Still from Blake's Junction  7, featuring Johnny Vegas, Martin Freeman, and others
Edinburgh is "a festival of discovery"

Film programmer Matt Lloyd has spent the last few months watching up to 1000 short films from all over the world, only a fraction of which have made it to a screening at the Edinburgh Film Festival. He told us what they look for in a short, and why the festival champions the format.

So many films are submitted to the festival, how do you decide what to select?

It's difficult to say - it's easier in a way to say what we didn't like. When you're watching all these films you tend to see a lot of themes coming up again and again. You wouldn't believe how many films there are about goldfish [laughs] and also people who are being stalked by the ghost of their ex-lover. Some of these films are great, but when you see [the same themes] again and again, it can be quite gruelling! The best short films, the ones that stand out, are the ones that are not features in miniature, but have something about them that is totally distinctive. A good short film is as different from a feature as a short story is from a novel - they don't have to be technically outstanding, but something that shows an independence of vision and is a bit different.

Are there particular British films people should look out for?

Programming is funny because to an extent you just want to put in the stuff that you love, but then at the same time you've got to put in stuff you don't necessarily like but you think will play well to an audience. Inevitably there are always going to be favourites. One that springs to mind is Blake's Junction 7 (pictured above and directed by Ben Gregor, and starring, amongst others, Johnny Vegas, Mackenzie Crook and Martin Freeman). It's the cast of The Office and Blue Jam, as Blake's 7, wandering round a motorway service station. It's amazing.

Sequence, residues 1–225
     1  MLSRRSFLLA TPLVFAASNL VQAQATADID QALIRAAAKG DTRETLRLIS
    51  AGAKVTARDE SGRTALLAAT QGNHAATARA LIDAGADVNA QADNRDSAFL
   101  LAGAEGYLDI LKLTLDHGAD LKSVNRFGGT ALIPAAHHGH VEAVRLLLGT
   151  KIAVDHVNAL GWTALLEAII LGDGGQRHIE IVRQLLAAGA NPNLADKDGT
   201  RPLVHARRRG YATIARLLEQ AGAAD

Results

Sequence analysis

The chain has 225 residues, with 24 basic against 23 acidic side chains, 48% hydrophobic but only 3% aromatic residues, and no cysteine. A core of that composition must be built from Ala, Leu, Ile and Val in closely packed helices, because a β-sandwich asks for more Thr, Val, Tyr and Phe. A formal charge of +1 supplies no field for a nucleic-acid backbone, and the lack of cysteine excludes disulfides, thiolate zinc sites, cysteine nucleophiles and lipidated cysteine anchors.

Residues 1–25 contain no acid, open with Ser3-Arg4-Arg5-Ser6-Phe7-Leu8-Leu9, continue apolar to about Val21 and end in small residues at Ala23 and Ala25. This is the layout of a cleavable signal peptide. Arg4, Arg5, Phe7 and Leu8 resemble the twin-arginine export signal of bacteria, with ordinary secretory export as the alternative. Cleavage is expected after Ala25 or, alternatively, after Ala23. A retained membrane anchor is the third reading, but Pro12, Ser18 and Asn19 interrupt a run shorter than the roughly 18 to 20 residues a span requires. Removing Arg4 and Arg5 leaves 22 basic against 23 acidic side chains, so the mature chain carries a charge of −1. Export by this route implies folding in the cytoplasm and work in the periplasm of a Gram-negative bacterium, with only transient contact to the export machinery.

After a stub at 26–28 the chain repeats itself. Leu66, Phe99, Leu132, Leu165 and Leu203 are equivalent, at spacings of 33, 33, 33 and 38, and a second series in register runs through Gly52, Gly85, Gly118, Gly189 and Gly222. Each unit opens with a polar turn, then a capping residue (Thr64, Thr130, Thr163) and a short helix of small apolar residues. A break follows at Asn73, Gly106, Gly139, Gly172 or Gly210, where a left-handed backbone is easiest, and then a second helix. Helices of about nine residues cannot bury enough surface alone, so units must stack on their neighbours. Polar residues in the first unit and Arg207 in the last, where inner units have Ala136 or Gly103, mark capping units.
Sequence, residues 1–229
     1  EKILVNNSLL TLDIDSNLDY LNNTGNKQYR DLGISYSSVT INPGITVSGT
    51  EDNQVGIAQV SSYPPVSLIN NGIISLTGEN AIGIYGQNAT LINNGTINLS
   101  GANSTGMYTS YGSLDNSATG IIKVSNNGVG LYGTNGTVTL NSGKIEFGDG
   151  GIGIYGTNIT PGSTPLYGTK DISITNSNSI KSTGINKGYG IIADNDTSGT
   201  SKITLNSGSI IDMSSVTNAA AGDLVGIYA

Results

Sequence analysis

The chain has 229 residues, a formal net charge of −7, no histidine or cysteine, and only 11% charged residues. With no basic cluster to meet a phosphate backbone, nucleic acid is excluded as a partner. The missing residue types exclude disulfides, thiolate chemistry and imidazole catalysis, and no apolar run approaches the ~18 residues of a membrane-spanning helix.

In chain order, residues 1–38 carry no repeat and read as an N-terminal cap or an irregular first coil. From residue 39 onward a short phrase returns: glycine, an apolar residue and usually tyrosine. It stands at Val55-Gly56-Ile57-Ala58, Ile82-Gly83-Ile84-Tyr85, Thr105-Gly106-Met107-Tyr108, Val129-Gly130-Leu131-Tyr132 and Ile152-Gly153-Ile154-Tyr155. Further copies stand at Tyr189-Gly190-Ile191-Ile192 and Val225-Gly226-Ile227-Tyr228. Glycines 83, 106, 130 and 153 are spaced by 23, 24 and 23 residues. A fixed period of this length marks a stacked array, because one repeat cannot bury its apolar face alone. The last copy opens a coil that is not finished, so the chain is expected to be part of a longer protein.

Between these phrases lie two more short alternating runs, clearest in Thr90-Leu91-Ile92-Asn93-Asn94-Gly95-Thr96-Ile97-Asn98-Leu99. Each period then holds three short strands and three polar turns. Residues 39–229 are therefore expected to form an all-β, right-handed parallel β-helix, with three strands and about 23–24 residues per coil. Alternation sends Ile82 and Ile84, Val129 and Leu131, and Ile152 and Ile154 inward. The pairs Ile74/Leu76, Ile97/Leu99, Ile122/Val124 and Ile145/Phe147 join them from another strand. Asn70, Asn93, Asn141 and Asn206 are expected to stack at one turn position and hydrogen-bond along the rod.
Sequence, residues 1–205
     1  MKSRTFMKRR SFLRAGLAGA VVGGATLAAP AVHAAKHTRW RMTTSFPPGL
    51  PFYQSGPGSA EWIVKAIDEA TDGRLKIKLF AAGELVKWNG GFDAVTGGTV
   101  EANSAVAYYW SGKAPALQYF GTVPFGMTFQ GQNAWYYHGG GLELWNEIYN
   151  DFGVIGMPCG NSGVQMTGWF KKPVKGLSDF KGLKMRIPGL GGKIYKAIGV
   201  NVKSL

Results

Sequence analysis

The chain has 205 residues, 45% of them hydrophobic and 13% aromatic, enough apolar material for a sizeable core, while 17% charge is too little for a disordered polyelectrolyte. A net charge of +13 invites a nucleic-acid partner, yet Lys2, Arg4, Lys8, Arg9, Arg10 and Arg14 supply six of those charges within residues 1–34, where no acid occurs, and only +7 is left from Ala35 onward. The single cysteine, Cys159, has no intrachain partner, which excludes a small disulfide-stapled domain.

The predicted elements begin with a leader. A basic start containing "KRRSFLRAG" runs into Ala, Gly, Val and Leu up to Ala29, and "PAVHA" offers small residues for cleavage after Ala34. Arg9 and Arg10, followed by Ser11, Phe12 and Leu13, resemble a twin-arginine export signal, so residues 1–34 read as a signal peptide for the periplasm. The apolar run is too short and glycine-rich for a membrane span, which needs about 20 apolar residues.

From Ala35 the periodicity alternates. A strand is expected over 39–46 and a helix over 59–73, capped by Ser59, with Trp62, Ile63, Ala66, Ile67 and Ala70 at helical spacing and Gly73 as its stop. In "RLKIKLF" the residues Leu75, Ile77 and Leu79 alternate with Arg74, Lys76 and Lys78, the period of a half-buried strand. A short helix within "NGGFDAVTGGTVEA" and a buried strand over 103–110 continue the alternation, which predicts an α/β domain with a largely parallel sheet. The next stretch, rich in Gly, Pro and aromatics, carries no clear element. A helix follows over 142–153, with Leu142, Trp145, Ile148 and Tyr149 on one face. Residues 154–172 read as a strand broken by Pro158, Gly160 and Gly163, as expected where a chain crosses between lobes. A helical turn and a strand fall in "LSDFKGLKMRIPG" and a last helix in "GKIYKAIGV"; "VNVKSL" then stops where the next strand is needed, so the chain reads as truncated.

Who Killed Brown OwlAnother one is Who Killed Brown Owl (pictured right), which is everything a short film should be - a nine-minute single take around a busy summer's day in a park. It’s one long shot and it's amazingly orchestrated. It’s so different from feature film and it’s experimental, but something anyone could enjoy. The Scottish programme is good as well, we've got stuff from the art colleges up here, and more established film makers as well.

Are short films popular with the public?

Shorts are always popular at festivals because it's one of the few outlets for people to see them. You get them occasionally on TV, and the internet has been great for showing short films. But in terms of actually sitting in a cinema and watching a programme of 10-minute films, when are you going to get to do that if not at a festival? So we always find they are busy. You also get industry interest as people are always keen to see what the latest talent is and what's up-and-coming. I think the British and Scottish in particular [will be popular].

So short films are an important aspect of the event.

Edinburgh has always been considered to be a festival of discovery -we've always gone for independent talent and new film makers. People like Lynne Ramsey (Ratcatcher, Morvern Caller) and David Mackenzie (Young Adam) started off making shorts [that] were shown at Edinburgh. It plays a great part in helping people getting to make their first feature because there's a heavy industry presence at the festival and people see these new talents and pitches are made and people then go on to bigger things.


Interview by Jen Foley. You can see clips from just some of the British shorts that screened at Edinburgh, including Who Killed Brown Owl, via the links on the top right of this page.

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